How about a sandwich? Her words were casual enough, but her voice made me feel she was more in need of company than food.
Only twelve, but too serious, sad, and worried.
I told her, Soon you’ll blossom into a fine young lady. Obviously she wanted much quicker than soon.
Jim Freeze is seventy-two years old, retired and widowed. He was happily married for fifty-four years and has two grown sons. He began writing in early 2012 to have something to do. His short stories have been featured in several publications including Brilliant Flash Fiction, Calliope Magazine, The Original Writer, and Literally Stories.
An afternoon ritual: park bench, birdseed.
Wistful glances at spirited youngsters and peacock-proud parents swapping milestone stories, recipes, gossip.
She used to bring her kids here to zipline, chase ducks, and pick pungent, sticky-stemmed dandelion posies.
Her life carried in her satchel, she disappears into twilight to join other Invisibles.
Melanie Cranenburgh wrote this story.
When I was young, I wished I could ride my bike around the block, coasting downhill all the way.
Since I got my degree in physics I know that’s impossible.
I now wish that the integral of the gradient of the gravitational potential around a closed loop could be negative.
Harry Demarest received a BA in physics from Reed College in 1969, and a PhD in planetary and space physics from UCLA in 1975.
The tide of approaching adulthood pulled them from my shore. Strolling slowly where I once set a brisk pace, picking up random shells, desperate for some word, all I get is static. Then a familiar voice, almost forgotten, asks why I expect they’ll return when I never did.
Lee DeAmali keeps the porch light on.
I’m 67. I’ve decided it’s time to grow up.
I’ll no longer use my imagination
Run out into a rainstorm
Go skinny dipping
Laugh and sing songs with my friends
Build sand castles, play in the creek, or write stories.
Hmm… Maybe I’m not ready. Perhaps when I turn 68.
Paul Hock is an author, illustrator, and storyteller. See more of his writing at paulhock.com.
She was a girl. Big smile, lots of friends, big demands, bigger expectations.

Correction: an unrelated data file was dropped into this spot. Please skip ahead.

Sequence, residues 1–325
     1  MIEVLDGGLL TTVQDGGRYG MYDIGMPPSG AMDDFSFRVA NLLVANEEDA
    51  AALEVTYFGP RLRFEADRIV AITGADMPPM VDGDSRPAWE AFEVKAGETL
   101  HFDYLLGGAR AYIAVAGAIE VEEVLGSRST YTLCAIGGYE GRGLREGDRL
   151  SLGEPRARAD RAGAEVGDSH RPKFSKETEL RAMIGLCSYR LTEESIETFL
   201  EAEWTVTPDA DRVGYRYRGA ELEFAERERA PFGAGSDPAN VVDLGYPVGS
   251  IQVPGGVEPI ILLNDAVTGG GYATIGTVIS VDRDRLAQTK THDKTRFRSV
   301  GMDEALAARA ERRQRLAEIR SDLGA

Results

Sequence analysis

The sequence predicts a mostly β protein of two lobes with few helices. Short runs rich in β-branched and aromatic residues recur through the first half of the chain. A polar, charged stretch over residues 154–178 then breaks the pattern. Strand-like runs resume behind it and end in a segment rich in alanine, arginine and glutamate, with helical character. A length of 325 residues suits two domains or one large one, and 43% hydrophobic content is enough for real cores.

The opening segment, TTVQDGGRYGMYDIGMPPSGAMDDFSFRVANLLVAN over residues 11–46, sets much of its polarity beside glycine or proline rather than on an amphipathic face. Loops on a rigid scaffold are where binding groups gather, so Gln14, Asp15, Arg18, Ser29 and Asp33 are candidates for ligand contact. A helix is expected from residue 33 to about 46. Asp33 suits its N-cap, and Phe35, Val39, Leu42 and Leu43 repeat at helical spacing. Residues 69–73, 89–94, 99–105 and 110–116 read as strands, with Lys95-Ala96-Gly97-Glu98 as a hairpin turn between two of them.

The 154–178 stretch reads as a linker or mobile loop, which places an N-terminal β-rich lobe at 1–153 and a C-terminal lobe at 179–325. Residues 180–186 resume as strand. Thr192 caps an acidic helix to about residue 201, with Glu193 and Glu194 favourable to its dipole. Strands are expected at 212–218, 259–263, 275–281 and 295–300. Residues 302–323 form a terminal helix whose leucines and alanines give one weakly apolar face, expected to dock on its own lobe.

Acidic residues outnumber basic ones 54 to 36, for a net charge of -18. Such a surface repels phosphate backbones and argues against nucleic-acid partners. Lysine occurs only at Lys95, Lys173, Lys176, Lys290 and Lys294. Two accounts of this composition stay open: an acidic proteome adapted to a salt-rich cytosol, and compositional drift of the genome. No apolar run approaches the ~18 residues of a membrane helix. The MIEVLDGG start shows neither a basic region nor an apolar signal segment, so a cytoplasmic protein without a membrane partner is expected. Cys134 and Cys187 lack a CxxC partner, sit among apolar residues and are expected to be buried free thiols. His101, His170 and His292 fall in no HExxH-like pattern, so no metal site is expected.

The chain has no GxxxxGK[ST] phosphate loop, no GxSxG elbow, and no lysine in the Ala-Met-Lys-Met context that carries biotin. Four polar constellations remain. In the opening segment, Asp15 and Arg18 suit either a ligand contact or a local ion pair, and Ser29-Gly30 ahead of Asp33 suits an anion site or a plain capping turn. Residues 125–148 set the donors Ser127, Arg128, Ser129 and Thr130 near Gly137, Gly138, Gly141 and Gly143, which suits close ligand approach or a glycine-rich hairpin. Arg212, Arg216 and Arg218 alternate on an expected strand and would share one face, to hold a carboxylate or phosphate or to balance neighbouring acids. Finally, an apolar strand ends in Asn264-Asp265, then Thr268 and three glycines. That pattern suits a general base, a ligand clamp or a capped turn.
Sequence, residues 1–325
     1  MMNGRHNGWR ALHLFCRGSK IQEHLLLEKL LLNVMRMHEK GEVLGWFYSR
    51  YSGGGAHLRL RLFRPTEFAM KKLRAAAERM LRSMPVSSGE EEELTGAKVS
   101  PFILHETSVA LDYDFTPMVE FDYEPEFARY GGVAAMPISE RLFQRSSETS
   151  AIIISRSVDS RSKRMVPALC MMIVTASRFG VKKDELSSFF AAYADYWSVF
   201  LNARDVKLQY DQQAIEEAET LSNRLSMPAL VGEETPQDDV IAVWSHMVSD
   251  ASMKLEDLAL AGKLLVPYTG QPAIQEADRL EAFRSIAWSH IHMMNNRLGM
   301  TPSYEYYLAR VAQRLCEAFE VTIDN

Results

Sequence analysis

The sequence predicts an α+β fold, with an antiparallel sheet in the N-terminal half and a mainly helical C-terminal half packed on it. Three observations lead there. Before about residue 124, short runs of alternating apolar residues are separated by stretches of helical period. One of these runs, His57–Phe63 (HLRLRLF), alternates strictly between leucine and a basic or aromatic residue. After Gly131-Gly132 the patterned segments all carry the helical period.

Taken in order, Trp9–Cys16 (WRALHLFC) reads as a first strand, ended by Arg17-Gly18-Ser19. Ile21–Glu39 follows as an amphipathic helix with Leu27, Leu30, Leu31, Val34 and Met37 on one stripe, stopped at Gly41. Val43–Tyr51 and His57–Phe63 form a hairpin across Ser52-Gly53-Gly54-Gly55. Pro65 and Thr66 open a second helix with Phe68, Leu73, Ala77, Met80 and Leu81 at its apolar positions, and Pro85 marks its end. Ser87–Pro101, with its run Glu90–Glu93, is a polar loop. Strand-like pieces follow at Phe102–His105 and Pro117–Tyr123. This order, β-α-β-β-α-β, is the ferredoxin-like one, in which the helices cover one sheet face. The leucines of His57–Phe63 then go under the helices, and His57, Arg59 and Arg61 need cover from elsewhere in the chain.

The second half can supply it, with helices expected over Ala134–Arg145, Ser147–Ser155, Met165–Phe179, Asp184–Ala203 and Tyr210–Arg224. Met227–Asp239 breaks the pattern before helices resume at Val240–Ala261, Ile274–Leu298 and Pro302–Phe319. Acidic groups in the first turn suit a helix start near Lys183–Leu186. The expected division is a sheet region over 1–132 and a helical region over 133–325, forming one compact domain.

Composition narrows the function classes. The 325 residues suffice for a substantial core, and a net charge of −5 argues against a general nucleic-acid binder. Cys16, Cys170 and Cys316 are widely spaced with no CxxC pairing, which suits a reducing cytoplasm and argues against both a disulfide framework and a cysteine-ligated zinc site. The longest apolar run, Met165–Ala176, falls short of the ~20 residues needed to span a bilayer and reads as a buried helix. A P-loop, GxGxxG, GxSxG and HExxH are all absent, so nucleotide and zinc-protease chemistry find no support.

She went to see the world to find herself. She had to fight to keep that smile big, make new friends, reduce her needs and realise that dreams are not always real.
She is a woman now.
Alidiane is an English language student in Dublin, Ireland. Originally, she’s from Brazil.
Child of mine you are so fine
Now a Mother of two
I still look at you
As that little girl
Who changed my world
I thank you
Mother of mine
You are so fine
You at one hundred
I at seventy
Still share plenty
I thank you
Mary has written poetry since age ten and continues to do so. She is also writing short stories and enjoys being a member of a writing group.
Ted was tired of waiting. He was a man of little patience.
All her life he’d waited while she did her hair, looked for her other shoe, or changed her dress (again).
“Oh, Dad,” she’d scold.
Now he waits to walk her down the aisle. He’s willing to wait forever.
Candace Kubinec posts her stories at storydribbles.wordpress.com and her poetry at rhymeswithbug.com.
Her palate was broader than her father’s. On her thirteenth birthday she ate the entire cake. But she’d still not spoken. Too much sky up here?
I led her to the nearest cave and she clattered inside with a thunderous, visceral bellow. I feared it was the sound of hope.
Tamsin and Mark Farley decided to write sequels to each other’s most recent 50-word stories. This is a sequel to Fostering the Minotaur’s Daughter
At twelve years old, she stood twelve feet tall. Her horns added another ten inches. The shaggy hair on her face and chest was thick and uncombed. Flies teased around her head like dark memories, darting in to nestle on her shoulders. She never allowed me to brush them away.
Mark Farley (mumbletoes.blogspot.com
) writes novels, flash fiction and the occasional poem.